[dns-operations] Everyone having their own resolver

Matthew Pounsett matt at conundrum.com
Wed Feb 3 18:34:18 UTC 2016

> On Feb 3, 2016, at 12:20 , Paul Hoffman <phoffman at proper.com> wrote:
> On 3 Feb 2016, at 7:41, Matthew Pounsett wrote:
>> The existing infrastructure can probably handle it initially, sure .. but expect your domain registrations and DNS hosting to be an order of magnitude more expensive.   Much of the authoritative infrastructure has an overhead multiplier built into its capacity, where the multiplier is locally chosen based on the likelihood and impact of DDoS.  Some infrastructures are built to handle over 100x the “normal” traffic load.
>> When the normal query rate sees an order (or two) magnitude jump, it eats away that extra capacity built into the system, and everyone has to scale up to get back their DDoS-eating overhead.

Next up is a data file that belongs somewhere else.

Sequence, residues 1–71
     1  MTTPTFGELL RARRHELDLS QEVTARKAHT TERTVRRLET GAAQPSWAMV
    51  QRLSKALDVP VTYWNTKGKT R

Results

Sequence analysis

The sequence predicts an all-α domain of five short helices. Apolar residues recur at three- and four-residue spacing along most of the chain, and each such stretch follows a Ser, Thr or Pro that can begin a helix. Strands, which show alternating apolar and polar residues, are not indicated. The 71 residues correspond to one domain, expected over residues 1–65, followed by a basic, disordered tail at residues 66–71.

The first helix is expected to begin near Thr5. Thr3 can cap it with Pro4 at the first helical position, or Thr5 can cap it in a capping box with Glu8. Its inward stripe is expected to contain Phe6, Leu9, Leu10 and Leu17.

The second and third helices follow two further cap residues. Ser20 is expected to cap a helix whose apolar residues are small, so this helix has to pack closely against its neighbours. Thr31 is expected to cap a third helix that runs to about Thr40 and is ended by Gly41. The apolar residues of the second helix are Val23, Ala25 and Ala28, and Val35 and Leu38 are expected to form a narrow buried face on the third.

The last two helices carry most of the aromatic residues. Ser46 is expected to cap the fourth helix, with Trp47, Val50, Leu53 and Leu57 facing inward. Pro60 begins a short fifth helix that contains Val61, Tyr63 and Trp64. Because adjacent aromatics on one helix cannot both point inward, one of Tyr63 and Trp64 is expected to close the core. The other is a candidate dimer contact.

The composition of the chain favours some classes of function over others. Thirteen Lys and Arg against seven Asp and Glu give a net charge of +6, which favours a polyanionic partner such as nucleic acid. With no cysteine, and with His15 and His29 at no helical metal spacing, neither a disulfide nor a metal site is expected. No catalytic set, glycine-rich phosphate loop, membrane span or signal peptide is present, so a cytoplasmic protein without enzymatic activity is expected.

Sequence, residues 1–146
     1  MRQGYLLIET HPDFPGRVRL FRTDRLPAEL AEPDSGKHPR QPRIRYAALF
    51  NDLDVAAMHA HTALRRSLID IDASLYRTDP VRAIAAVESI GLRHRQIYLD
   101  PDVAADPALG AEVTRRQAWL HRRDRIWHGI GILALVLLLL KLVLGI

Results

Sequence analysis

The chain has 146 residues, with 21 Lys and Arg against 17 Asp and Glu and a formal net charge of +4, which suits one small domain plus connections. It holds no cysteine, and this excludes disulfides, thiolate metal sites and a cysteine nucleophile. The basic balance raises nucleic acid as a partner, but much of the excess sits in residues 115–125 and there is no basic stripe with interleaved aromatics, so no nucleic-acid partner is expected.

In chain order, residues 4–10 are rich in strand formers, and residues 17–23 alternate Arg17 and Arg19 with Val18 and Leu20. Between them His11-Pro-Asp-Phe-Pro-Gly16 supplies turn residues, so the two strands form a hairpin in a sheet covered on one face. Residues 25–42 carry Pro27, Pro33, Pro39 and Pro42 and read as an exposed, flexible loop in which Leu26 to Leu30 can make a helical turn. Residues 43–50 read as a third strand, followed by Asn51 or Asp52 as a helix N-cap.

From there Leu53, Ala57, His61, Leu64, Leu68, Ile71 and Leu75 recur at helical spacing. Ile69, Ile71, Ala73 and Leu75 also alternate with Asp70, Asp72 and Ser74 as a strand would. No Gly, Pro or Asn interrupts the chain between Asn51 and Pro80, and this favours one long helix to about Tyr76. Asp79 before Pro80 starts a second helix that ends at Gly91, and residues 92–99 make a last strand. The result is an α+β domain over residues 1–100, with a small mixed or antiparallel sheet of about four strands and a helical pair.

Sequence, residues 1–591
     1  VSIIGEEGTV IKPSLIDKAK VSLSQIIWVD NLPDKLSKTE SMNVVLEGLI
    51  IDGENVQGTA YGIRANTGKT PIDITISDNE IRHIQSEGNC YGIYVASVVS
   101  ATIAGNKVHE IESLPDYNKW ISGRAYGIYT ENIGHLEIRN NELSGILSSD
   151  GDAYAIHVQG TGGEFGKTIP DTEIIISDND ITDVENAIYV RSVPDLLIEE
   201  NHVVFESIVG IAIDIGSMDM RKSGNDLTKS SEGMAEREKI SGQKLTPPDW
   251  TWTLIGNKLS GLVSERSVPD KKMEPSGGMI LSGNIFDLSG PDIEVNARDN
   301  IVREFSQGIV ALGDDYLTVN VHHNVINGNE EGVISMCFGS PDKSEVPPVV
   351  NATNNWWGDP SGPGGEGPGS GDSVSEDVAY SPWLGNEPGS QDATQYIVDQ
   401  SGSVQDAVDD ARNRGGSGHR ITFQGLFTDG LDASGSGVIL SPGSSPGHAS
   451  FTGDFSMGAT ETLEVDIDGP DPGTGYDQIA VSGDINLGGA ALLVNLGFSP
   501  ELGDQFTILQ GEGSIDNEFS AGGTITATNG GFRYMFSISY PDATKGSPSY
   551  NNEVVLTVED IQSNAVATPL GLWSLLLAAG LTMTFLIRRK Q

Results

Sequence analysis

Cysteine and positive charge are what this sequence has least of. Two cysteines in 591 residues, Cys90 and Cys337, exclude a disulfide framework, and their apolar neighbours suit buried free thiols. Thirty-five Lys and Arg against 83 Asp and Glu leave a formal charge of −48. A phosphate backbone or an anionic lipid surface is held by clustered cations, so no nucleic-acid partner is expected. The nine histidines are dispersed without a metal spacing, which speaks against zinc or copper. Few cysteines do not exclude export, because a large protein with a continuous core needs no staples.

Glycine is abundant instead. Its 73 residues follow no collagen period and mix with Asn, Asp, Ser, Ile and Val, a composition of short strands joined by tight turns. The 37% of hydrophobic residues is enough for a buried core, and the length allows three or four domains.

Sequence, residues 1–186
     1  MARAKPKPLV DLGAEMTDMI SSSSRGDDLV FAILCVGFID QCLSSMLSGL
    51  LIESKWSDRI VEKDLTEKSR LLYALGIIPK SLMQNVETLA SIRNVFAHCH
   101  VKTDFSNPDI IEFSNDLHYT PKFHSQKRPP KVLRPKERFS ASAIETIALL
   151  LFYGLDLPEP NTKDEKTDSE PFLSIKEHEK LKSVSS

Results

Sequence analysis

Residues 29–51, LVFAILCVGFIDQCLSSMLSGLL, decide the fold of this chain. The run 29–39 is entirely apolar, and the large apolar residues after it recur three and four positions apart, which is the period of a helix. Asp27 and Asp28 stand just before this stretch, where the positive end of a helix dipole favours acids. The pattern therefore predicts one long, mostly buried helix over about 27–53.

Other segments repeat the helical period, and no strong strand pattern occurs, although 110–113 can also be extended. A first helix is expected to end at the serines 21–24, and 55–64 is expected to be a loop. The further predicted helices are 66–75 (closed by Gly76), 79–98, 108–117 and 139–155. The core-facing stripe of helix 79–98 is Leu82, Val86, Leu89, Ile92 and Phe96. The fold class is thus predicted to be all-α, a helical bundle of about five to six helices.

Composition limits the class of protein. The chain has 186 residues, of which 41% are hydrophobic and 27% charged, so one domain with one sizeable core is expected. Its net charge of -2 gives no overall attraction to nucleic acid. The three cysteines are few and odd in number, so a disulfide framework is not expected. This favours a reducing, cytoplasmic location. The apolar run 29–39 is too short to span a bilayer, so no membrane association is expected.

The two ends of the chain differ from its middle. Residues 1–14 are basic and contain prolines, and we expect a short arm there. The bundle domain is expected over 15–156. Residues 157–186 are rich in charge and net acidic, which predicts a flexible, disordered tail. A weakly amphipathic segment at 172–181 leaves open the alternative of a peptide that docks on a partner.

> These are interesting bold statements, and I've heard similar over the past few years.
> Has anyone ever measured this? That is, there are a bunch of people on this very mailing list who have access to the caches and possibly even the query logs for Very Large Resolvers. It would be grand to see current research (or at least a list of good recent research) on what percentage of queries are for things in the long tail.

The ad-based measurement system built by Geoff Huston and George Michaelson has provided some very good information on the number of individual systems behind the very large recursive servers such as Google and OpenDNS.  From memory, because I can’t seem to put my hands on the presentation slides at the moment, I believe it’s in the neighbourhood of 25% of the Internet’s users behind a very small number (2-3?) of resolver farms, and 90% of all users behind less than 1% of the visible resolvers.

I’m sure George or Geoff are on here to contradict my recollection.

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